The modern world is hungry for energy. While demands continue to rise, a move toward less reliance on fossil fuels in the direction of sustainable and renewable energy resources will have a lasting effect on world populations. Diversity in energy resource development, particularly in the renewable sector, has the potential to spread financial and environmental risks and impacts across a broad range of the largest consumer nations. With that said, it will take a variety of different renewable energy technologies to help accommodate increasing world energy demands. Solar, hydroelectric, and wind driven turbine technologies have a substantial head start on marine hydrokinetic energy conversion devices.
Shift back to the Oregon coast…
Energy resource models have shown the Oregon coast to be one of the potentially richest wave energy resource areas for the continental U.S. Those of us living here or who spend time near or on the ocean can strongly attest to that. It is rarely calm. In light of a nascent wave energy conversion (WEC) device industry, the Northwest National Marine Renewable Energy Center (NNMREC) was established with support from the U.S. Department of Energy to provide standardized WEC testing facilities offshore of Newport, Oregon. There are something like ~130 different types of WEC devices out there, while tidal turbines have converged to around 20-30 different devices benefitting from wind turbine testing and technologies. Different WEC’s are bound to perform better in different types of conditions and water depths, but without live testing of scaled devices too many questions are left unanswered at a great financial and potentially environmental cost.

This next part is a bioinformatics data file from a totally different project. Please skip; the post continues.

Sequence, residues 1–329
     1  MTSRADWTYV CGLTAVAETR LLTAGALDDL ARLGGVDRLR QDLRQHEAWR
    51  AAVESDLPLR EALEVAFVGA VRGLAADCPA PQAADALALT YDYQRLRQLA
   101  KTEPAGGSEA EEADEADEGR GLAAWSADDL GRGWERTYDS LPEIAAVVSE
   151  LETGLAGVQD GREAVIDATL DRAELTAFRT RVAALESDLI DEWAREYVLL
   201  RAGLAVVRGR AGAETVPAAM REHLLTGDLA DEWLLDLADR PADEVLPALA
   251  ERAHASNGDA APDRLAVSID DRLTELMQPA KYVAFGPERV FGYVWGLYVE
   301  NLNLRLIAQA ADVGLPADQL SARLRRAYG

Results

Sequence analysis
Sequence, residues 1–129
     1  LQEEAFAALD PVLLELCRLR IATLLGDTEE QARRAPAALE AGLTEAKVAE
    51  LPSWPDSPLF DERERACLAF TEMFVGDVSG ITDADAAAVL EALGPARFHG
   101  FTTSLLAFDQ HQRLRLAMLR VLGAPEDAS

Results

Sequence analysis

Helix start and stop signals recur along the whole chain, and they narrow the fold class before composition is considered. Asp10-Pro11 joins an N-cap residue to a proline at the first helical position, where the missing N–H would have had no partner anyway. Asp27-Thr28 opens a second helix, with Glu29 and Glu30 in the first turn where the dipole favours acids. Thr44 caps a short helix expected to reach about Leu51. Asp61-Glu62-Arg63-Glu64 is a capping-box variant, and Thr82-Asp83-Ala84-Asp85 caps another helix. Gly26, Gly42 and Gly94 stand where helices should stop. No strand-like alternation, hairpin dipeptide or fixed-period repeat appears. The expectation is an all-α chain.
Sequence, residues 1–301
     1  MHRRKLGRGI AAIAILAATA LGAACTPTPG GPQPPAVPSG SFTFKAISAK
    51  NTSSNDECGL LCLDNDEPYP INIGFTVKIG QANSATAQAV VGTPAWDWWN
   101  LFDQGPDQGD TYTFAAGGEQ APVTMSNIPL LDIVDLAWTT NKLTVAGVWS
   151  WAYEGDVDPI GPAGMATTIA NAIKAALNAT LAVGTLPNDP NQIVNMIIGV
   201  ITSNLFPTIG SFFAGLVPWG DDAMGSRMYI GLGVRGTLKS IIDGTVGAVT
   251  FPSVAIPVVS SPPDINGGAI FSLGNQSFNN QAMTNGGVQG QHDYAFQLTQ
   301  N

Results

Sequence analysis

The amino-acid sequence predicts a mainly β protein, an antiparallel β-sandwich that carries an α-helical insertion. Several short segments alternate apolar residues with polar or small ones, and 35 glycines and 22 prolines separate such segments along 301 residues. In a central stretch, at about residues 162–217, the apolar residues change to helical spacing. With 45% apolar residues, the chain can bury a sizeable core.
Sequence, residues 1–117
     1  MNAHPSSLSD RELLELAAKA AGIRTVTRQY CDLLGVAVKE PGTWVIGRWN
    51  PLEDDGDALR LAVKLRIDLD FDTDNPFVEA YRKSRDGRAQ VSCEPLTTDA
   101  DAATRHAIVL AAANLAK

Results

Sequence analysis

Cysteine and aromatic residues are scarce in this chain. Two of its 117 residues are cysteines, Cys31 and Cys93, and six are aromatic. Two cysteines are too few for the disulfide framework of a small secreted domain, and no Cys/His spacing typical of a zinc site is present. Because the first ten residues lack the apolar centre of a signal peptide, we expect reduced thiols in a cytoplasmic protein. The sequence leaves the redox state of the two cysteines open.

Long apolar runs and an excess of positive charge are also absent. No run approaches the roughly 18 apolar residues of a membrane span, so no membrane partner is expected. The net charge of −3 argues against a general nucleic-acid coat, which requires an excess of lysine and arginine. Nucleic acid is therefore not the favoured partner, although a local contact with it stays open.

This is where we come in. Since 2009 our group has partnered with NNMREC to provide passive acoustic monitoring and support of the testing facilities off Newport. Since WEC construction and operation may potentially generate mechanical noise, we are measuring changes in ambient noise levels before, during and after NNMREC project activities. The concern being that increased noise levels may have adverse effects on acoustically sensitive transient and/or resident marine mammals and fish in the area. Another objective of this work is to provide the developers with an acoustic signature of their device which can then be used for model input to forecast acoustic conditions surrounding the commercial scale build out of an array of their device. We are still in the phase of acoustic site characterization, the “before”, collecting passive acoustic recordings at the testing facilities.
Last week we deployed an acoustic mooring at the South Energy Test Site (SETS) that is scheduled for recovery in October. The hydrophone will collect data on a duty cycle, recording 10 minutes of every hour until recovery. As a NNMREC partner we hope to provide valuable information that can assist in the permitting and licensure process as well as move the wave energy conversion industry forward toward a commercially viable marine renewable energy resource.